Choosing an inhaler device to suit the individual
Choose a device type that is best for the individual, considering potential problems.
Table. Types of inhaler devices for delivering asthma and COPD medicines Please view and print this figure separately: https://www.asthmahandbook.org.au/table/show/75
- How this recommendation was developed
Based on clinical experience and expert opinion (informed by evidence, where available).
For patients who may find it difficult to use an inhaler (e.g. older patients with osteoarthritis or weakness), check the person’s technique to work out which inhaler type will be easiest to use.
- How this recommendation was developed
Based on clinical experience and expert opinion (informed by evidence, where available).
- Correct use of inhaler devices
High rates of incorrect inhaler use among children with asthma and adults with asthma or COPD have been reported,3, 4, 5, 6, 7 even among regular users.8 Regardless of the type of inhaler device prescribed, patients are unlikely to use inhalers correctly unless they receive clear instruction, including a physical demonstration, and have their inhaler technique checked regularly.9
Poor inhaler technique has been associated with worse outcomes in asthma and COPD. It can lead to poor asthma symptom control and overuse of relievers and preventers.3, 10, 8, 11, 12 In patients with asthma or COPD, incorrect technique is associated with a 50% increased risk of hospitalisation, increased emergency department visits and increased use of oral corticosteroids due to flare-ups.8
Common errors and problems with inhaler technique
Common errors with manually actuated pressurised metered dose inhalers include:9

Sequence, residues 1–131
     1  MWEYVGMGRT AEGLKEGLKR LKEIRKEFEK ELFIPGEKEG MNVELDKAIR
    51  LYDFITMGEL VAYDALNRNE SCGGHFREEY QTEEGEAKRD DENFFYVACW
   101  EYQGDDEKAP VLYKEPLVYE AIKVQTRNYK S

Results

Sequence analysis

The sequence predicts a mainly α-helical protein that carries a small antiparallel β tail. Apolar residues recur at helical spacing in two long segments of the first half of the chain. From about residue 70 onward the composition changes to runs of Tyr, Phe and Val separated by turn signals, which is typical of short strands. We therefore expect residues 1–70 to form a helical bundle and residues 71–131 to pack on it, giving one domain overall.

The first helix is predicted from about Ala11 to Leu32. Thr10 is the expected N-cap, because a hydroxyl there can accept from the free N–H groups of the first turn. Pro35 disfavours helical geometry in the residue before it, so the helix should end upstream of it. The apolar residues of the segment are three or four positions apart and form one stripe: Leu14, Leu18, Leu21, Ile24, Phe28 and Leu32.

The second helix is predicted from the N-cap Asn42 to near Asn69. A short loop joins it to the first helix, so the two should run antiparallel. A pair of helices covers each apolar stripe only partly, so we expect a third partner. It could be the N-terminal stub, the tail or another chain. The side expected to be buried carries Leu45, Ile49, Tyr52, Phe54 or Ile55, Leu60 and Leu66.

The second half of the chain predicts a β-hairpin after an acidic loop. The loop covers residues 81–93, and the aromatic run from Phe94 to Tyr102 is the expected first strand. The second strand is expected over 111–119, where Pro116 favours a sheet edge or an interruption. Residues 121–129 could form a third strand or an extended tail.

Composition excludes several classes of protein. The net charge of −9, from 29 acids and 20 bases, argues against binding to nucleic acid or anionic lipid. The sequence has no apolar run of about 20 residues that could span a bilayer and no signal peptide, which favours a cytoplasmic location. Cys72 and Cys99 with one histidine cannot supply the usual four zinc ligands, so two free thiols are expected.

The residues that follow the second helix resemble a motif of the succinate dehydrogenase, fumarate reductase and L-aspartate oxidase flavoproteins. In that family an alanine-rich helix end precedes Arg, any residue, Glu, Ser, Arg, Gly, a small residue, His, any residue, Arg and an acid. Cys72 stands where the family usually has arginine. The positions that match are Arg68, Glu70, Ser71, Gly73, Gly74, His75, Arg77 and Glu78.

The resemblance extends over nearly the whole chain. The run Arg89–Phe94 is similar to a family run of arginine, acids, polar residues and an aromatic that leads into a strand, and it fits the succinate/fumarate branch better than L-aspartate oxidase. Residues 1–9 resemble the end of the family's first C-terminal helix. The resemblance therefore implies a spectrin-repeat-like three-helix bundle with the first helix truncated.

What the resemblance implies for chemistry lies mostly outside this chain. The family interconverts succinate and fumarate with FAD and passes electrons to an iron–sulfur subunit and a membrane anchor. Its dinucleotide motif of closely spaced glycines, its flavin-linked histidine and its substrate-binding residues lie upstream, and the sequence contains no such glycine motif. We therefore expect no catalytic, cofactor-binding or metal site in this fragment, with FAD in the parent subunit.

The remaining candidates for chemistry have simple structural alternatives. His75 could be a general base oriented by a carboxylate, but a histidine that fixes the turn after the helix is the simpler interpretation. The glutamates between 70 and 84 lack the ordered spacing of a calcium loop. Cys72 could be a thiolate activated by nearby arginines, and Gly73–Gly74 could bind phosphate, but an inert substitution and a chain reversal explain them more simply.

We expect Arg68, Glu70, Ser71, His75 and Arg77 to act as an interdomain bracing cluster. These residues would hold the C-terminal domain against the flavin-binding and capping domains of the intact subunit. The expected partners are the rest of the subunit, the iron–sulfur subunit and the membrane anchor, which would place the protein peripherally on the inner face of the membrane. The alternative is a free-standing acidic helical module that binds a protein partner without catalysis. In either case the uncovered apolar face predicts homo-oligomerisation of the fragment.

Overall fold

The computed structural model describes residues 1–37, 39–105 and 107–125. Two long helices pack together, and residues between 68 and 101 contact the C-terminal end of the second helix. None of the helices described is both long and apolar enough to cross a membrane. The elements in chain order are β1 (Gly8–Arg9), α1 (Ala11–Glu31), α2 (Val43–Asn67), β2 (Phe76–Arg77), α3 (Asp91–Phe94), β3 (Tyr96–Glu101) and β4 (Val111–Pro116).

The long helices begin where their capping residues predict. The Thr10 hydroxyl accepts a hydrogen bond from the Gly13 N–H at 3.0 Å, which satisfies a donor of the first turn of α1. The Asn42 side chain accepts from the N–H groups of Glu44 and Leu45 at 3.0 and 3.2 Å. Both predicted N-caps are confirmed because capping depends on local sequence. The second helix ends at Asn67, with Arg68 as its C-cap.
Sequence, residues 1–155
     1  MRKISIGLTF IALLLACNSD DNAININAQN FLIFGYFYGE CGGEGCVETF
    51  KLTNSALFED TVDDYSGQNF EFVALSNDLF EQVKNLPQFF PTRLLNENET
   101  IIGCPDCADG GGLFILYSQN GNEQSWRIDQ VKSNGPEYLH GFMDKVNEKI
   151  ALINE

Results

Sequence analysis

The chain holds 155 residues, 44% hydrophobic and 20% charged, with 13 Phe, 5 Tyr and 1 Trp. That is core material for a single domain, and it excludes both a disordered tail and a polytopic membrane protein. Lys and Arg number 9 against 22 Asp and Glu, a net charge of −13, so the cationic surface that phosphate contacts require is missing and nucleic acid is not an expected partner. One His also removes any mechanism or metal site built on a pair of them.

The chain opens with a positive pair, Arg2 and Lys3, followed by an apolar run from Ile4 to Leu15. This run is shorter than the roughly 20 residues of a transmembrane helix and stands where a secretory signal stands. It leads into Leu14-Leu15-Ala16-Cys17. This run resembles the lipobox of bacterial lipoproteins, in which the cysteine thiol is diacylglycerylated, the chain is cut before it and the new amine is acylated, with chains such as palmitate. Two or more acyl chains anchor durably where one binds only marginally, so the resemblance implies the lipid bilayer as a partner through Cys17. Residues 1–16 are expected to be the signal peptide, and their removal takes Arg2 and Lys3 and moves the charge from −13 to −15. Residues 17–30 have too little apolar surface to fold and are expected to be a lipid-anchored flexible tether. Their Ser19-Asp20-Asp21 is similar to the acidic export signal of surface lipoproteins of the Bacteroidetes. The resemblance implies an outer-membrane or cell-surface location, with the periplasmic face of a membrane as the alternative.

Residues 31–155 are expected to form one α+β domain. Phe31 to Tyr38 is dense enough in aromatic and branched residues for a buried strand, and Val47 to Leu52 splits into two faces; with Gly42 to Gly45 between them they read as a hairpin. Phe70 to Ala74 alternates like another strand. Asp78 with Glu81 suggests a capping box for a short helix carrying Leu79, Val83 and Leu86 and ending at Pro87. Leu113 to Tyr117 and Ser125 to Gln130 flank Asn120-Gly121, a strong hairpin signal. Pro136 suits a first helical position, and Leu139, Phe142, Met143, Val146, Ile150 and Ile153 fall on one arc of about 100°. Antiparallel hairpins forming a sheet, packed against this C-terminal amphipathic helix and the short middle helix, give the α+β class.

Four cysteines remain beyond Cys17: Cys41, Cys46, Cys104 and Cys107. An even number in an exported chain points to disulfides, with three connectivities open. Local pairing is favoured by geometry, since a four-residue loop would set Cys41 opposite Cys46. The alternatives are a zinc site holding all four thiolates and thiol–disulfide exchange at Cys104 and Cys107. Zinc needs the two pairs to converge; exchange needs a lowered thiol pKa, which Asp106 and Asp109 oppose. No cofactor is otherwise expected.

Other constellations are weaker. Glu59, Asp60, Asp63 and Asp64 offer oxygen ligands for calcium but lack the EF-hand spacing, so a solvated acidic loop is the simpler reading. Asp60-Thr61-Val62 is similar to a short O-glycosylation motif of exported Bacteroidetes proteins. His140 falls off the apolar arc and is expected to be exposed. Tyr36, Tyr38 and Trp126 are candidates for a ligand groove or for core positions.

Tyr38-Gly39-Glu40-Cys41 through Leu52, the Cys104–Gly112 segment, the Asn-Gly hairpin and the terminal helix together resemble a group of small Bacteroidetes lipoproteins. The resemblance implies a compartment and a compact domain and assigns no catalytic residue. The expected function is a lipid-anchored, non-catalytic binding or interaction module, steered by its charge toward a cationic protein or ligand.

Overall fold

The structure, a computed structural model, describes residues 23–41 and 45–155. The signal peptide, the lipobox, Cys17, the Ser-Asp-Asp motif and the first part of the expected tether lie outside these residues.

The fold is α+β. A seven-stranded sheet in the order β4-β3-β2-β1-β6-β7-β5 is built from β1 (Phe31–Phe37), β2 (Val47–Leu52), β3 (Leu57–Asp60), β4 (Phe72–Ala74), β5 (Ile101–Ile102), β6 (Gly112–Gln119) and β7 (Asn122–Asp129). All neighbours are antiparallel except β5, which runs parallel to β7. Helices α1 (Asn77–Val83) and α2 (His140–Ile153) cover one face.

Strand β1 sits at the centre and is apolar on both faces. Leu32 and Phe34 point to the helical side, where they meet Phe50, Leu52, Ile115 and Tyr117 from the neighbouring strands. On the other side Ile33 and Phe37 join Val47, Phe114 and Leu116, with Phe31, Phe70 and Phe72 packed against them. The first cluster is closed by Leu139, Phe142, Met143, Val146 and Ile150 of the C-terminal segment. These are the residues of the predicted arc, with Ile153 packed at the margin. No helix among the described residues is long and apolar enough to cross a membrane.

- failing to shake the inhaler before actuating
- holding the inhaler in wrong position
- failing to exhale fully before actuating the inhaler
- actuating the inhaler too early or during exhalation (the medicine may be seen escaping from the top of the inhaler)
- actuating the inhaler too late while inhaling
- actuating more than once while inhaling
- inhaling too rapidly (this can be especially difficult for chilren to overcome)
- multiple actuations without shaking between doses.
Common errors for dry powder inhalers include:9
- not keeping the device in the correct position while loading the dose (horizontal for Accuhaler and vertical for Turbuhaler)
- failing to exhale fully before inhaling
- failing to inhale completely
- inhaling too slowly and weakly
- exhaling into the device mouthpiece before or after inhaling
- failing to close the inhaler after use
- using past the expiry date or when empty.
Other common problems include:
- difficulty manipulating device due to problems with dexterity (e.g. osteoarthritis, stroke, muscle weakness)
- inability to seal the lips firmly around the mouthpiece of an inhaler or spacer
- inability to generate adequate inspiratory flow for the inhaler type
- failure to use a spacer when appropriate
- use of incorrect size mask